Coronavirus: why Britain’s ethnic minorities have been hit so hard by pandemic
- Despite only making up 14 per cent of the country’s population, ethnic minorities represent a third of the patients in intensive care with Covid-19
- They were also more likely to be in low-paid jobs or be key workers, which bring them into more contact with the infection
“Visitors to the house … were not wearing any masks or not wearing gloves. They wanted to hug me,” the 44-year-old property developer from Birmingham, in central England, said.
“And I said, no, I’m sorry, I’m not gonna hug you. You know, you need to understand I’ve just lost my dad because of coronavirus and you are not taking this seriously.”
His experience of the death of his father, Nazir, who moved to the UK from Pakistan 56 years ago, makes him fear his community remains at risk of the deadly outbreak of Covid-19.
Chaand Nagpaul, head of the British Medical Association, said this was “extremely disturbing and worrying”.
“We have heard the virus does not discriminate between individuals, but there’s no doubt there appears to be a manifest disproportionate severity of infection in BAME [black, Asian and minority ethnic] people and doctors,” he told The Guardian newspaper.
The first 10 doctors who died with coronavirus in Britain were from ethnic minorities, including Alfa Sa’adu, Jitendra Rathod, Mohamed Sami Shousha and Syed Haider.
In a letter to the government, several opposition Labour MPs said deaths represented “serious concerns” and called for an urgent investigation.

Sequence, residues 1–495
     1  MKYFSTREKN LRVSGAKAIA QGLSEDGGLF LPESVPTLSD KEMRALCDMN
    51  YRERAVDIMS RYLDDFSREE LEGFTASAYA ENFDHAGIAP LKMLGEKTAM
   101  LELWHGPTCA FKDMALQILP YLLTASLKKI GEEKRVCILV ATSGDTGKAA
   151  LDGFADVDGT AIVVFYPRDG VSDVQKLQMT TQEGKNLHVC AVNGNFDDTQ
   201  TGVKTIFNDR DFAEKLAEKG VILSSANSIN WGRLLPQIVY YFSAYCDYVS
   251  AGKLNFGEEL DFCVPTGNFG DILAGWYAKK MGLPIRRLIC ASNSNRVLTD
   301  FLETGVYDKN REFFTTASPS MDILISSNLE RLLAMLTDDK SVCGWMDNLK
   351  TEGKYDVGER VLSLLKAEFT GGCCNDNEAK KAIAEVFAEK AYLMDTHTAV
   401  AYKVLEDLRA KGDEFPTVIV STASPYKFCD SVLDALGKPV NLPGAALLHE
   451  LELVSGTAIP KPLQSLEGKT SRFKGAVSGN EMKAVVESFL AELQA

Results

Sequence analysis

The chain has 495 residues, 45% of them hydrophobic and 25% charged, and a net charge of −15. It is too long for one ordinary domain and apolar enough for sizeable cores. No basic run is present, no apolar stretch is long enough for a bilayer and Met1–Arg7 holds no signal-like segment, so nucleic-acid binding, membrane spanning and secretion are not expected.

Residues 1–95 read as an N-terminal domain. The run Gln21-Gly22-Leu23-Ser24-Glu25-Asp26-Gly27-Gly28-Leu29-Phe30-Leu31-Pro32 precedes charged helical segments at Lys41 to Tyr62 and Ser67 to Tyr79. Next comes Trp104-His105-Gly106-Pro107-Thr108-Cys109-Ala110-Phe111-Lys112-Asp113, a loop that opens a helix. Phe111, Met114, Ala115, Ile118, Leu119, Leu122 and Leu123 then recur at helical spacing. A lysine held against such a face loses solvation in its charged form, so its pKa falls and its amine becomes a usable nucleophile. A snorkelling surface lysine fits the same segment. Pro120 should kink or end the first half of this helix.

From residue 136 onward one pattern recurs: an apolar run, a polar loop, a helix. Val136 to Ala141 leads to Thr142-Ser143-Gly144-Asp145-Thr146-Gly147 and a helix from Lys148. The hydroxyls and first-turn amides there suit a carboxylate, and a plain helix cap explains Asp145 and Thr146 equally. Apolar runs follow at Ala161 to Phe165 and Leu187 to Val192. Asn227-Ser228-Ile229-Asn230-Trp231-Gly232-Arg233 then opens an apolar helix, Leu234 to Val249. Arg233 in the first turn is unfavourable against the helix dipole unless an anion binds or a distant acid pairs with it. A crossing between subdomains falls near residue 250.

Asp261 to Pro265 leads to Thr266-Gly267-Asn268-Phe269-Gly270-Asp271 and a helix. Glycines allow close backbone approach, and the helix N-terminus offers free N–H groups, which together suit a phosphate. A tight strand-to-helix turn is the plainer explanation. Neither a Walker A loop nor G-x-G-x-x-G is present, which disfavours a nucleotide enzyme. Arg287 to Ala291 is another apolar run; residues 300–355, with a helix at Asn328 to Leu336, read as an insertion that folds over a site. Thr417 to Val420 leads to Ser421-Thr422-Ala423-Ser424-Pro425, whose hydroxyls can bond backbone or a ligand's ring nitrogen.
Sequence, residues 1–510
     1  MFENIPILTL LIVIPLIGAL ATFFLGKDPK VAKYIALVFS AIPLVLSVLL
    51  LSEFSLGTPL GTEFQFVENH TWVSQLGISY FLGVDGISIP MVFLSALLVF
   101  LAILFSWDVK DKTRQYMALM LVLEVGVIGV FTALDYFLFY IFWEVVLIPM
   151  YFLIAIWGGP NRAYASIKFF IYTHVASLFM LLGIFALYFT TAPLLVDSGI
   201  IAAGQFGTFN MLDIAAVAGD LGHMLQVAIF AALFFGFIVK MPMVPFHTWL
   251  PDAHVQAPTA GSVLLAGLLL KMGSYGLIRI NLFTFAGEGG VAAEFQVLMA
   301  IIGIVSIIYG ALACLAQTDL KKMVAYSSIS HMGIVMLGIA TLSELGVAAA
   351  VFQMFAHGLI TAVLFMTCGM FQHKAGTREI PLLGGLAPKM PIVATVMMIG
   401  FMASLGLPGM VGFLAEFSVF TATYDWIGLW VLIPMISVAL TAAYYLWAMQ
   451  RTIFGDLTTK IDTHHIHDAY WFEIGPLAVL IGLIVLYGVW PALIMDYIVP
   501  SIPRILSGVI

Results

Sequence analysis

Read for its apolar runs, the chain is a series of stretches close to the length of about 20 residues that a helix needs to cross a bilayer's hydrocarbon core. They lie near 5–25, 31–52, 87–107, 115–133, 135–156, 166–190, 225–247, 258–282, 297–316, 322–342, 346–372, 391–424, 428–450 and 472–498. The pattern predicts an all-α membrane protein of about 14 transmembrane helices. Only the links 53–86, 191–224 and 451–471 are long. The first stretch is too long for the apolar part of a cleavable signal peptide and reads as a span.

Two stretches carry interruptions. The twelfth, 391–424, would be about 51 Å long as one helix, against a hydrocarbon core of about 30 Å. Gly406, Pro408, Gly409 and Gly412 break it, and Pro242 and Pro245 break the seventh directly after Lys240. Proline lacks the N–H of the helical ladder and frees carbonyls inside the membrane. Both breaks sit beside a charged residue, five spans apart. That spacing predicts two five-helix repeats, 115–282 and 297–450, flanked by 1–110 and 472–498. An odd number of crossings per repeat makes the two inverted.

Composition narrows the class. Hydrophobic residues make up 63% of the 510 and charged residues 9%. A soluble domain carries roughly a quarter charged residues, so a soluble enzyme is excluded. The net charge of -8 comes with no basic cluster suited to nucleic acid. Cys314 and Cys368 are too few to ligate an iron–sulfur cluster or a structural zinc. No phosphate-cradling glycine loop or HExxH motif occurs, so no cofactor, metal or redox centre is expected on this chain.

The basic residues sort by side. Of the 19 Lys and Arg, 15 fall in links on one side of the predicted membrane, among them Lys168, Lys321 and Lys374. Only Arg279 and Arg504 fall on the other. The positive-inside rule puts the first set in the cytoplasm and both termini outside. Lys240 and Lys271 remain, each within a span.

Sunder Katwala, the head of think tank British Future, also said that a large number of Filipino nurses, hospital porters and other staff had been affected by coronavirus.
“Tragically, a disproportionate number of those in the NHS who died are people who came to make their lives here and to work in the NHS,” Health Secretary Matt Hancock said recently.
Non-British staff make up 12 per cent of the UK health care workforce, according to the Office for National Statistics (ONS).
In London, the epicentre of the coronavirus outbreak in Britain, this rises to 23 per cent.
But the letter from the Labour MPs suggested that “ethnic minority doctors have too often struggled for equal treatment” – and says the fact they were among the first NHS deaths is “not a coincidence”.
“There have been suggestions that such barriers mean that BAME doctors feel less able to complain about inadequate personal protection equipment, thereby putting themselves at risk.”
In terms of patients, people from ethnic minorities are more likely to live in London or in the West Midlands – another hard hit area – and suffer more poverty and ill health.
“South Asians live in more deprived areas and have more cardiovascular disease and diabetes,” said Kamlesh Khunti, an expert in ethnic minority health who led the ICNARC study.
They also often live in larger, multi-generational households and so “social isolation may not be as prevalent”.
Zubaida Haque, deputy director of the race equality Runnymede, said ethnic minorities were also more likely to be in low-paid jobs or be key workers – as transport and delivery staff, health care assistants, hospital cleaners and social care workers.
“All of which bring them into more contact with coronavirus and so increase their risk to serious-illness and death,” she told the BBC.
Back in Birmingham, a week after turning off his father’s ventilator and letting the 68-year-old die, Awan fears other families will suffer like his.
“Our community needs to take action. They need to take action because if they do not take actions, we will see the numbers rise,” he said.